Image courtesy of the University of SouthamptonScientists at the University of Southampton have discovered a way of enhancing the capabilities of an emerging nanotechnology that could open the door to a new generation of electronics.
In a study published in the journal Scientific Reports, researchers show how they have pushed the memristor—a simpler and smaller alternative to the transistor, with the capability of altering its resistance and storing multiple memory states—to a new level of performance after experimenting with its component materials.
Traditionally, the processing of data in electronics has relied on integrated circuits (chips) featuring vast numbers of transistors—microscopic switches that control the flow of electrical current by turning it on or off.
Transistors have got smaller and smaller in order to meet the increasing demands of technology, but are now reaching their physical limit, with—for example—the processing chips that power smartphones containing an average of five billion transistors.
Memristors could hold the key to a new era in electronics, being both smaller and simpler in form than transistors, low-energy, and with the ability to retain data by ‘remembering’ the amount of charge that has passed through them—potentially resulting in computers that switch on and off instantly and never forget.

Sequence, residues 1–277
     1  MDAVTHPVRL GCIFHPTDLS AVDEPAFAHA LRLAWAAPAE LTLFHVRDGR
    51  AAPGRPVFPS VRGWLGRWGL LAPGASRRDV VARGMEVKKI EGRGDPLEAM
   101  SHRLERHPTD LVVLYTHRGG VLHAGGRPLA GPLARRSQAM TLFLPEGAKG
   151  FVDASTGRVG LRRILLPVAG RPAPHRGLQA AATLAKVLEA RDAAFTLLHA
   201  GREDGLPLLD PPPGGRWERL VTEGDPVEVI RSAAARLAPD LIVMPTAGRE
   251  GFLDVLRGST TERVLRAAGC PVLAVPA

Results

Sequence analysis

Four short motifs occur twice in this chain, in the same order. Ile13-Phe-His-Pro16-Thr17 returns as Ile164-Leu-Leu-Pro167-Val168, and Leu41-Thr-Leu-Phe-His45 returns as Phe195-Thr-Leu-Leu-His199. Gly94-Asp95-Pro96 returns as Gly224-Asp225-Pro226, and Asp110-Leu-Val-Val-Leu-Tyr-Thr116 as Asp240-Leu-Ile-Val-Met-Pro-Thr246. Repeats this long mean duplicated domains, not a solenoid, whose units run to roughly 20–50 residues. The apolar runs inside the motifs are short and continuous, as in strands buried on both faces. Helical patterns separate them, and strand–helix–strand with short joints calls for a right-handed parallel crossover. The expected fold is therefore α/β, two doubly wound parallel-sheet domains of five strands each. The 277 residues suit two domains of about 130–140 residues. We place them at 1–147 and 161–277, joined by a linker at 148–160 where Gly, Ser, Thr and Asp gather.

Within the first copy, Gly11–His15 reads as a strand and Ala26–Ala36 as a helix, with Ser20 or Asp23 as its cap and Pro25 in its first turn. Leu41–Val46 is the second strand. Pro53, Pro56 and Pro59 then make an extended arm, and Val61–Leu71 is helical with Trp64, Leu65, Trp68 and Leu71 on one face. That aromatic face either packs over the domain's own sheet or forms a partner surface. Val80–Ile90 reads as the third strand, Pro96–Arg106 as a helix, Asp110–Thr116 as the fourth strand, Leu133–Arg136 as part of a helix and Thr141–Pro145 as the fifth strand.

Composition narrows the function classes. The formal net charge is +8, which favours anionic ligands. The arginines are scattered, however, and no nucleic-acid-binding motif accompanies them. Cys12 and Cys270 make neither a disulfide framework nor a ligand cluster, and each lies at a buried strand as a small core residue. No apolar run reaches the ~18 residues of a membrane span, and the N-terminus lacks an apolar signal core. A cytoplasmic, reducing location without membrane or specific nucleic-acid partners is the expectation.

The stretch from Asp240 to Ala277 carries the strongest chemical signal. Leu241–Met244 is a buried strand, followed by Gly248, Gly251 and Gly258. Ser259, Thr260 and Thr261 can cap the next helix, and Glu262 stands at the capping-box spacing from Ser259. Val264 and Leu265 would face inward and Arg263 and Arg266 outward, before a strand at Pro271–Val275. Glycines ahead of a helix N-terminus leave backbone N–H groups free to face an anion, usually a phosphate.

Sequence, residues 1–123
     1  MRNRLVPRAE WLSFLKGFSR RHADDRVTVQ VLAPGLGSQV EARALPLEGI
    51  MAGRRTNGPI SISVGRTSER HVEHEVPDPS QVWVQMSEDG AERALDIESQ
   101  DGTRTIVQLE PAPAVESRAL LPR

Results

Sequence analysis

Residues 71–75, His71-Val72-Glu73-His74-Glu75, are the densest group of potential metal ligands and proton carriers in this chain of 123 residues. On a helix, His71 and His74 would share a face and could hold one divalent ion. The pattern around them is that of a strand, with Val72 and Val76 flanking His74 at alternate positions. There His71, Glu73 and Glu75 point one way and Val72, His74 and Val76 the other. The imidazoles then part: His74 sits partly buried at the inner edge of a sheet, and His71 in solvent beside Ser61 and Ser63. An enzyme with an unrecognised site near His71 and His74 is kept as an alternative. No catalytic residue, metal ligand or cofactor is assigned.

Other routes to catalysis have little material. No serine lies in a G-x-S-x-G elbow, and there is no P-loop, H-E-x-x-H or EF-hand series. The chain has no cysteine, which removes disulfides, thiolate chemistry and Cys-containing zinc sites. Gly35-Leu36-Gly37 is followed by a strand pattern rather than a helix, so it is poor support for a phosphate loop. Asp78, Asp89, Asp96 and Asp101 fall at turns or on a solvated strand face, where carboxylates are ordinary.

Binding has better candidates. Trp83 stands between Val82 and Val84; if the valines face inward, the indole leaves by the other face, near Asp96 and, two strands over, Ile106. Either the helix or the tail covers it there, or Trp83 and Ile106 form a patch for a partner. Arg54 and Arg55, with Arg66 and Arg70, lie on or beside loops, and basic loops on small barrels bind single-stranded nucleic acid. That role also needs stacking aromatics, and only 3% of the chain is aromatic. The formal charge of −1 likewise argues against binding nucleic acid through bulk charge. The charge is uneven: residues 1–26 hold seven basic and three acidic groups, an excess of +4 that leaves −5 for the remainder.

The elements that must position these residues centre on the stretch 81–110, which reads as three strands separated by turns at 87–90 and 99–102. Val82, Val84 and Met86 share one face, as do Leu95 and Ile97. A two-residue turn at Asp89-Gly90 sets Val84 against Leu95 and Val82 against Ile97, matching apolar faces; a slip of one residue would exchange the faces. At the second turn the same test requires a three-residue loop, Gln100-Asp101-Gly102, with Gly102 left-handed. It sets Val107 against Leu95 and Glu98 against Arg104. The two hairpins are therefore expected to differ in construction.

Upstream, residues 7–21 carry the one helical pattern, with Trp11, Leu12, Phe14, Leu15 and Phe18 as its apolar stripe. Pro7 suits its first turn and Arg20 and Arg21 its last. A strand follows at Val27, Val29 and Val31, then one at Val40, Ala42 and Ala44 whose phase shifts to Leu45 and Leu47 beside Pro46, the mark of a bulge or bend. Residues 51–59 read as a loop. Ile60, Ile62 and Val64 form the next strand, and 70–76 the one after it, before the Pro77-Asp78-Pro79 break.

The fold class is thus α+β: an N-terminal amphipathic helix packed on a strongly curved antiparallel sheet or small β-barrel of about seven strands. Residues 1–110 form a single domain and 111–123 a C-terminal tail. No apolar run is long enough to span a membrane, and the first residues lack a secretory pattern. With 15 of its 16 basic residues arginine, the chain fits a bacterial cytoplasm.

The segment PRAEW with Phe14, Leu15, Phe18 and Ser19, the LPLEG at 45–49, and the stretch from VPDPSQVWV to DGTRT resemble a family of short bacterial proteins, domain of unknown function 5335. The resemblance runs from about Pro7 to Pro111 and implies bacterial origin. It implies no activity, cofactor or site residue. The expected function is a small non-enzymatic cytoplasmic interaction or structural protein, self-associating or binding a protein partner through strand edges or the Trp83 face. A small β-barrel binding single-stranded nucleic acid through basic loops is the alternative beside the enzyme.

The University of Southampton team has demonstrated a new memristor technology that can store up to 128 discernible memory states per switch, almost four times more than previously reported.
In the study, they describe how they reached this level of performance by evaluating several configurations of functional oxide materials—the core component that gives the memristor its ability to alter its resistance.
Themis Prodromakis, Professor of Nanotechnology and EPSRC Fellow at the University of Southampton, said: “This is a really exciting discovery, with potentially enormous implications for modern electronics. By 2020 there are expected to be more than 200 billion interconnected devices within the internet of things framework—these will generate an incredible amount of data that will need processing.
“Memristors are a key enabling technology for next-generation chips, which need to be highly reconfigurable yet affordable, scalable and energy-efficient.
“We are thrilled to be working with world-leading industry, bringing innovations into new electronic systems that require bespoke customisation. Such examples include systems that are employed in inaccessible environments; for example, inside the human body, space, or other remote or harsh locations.
“At the same time this technology is ideal for developing novel hardware that can learn and adapt autonomously, much like the human brain.”
The research was supported by the Engineering and Physical Sciences Research Council (EPSRC) and the Royal Society.
Professor Prodromakis and his colleagues will be showcasing the technology, and presenting seven original research papers, at ISCAS 2018, an international circuits and systems conference, in Florence, Italy, in May.
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